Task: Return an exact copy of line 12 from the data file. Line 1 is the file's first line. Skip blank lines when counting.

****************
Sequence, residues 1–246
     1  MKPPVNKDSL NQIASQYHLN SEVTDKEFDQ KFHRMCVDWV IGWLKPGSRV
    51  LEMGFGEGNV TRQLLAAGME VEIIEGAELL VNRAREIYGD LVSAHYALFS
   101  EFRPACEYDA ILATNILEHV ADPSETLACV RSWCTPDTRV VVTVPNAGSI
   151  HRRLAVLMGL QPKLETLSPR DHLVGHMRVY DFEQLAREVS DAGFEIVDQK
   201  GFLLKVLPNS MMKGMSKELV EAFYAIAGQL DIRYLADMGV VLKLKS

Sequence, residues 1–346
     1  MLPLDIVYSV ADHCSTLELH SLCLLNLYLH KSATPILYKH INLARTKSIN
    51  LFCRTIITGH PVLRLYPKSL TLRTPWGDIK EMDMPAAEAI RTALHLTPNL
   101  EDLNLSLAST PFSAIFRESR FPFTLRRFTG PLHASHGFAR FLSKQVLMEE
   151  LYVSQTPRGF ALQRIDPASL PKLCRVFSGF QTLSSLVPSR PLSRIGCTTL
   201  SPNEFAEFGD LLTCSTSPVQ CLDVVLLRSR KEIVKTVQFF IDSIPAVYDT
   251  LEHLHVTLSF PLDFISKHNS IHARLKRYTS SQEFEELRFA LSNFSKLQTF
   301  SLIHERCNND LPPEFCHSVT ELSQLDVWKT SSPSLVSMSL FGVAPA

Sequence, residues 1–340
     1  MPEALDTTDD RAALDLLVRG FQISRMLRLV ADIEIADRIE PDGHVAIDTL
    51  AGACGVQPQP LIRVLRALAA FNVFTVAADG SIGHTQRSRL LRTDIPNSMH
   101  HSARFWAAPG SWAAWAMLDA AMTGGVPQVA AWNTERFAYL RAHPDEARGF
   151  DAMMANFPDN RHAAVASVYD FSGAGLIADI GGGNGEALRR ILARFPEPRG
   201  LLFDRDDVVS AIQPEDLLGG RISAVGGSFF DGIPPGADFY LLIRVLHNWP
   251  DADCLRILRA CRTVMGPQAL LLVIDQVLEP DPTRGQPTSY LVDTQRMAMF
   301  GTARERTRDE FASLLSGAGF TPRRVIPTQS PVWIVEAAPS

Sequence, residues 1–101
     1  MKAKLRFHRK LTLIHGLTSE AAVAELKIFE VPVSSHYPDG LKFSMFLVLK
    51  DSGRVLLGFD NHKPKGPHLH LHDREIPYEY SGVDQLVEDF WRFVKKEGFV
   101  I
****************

   201  SPNEFAEFGD LLTCSTSPVQ CLDVVLLRSR KEIVKTVQFF IDSIPAVYDT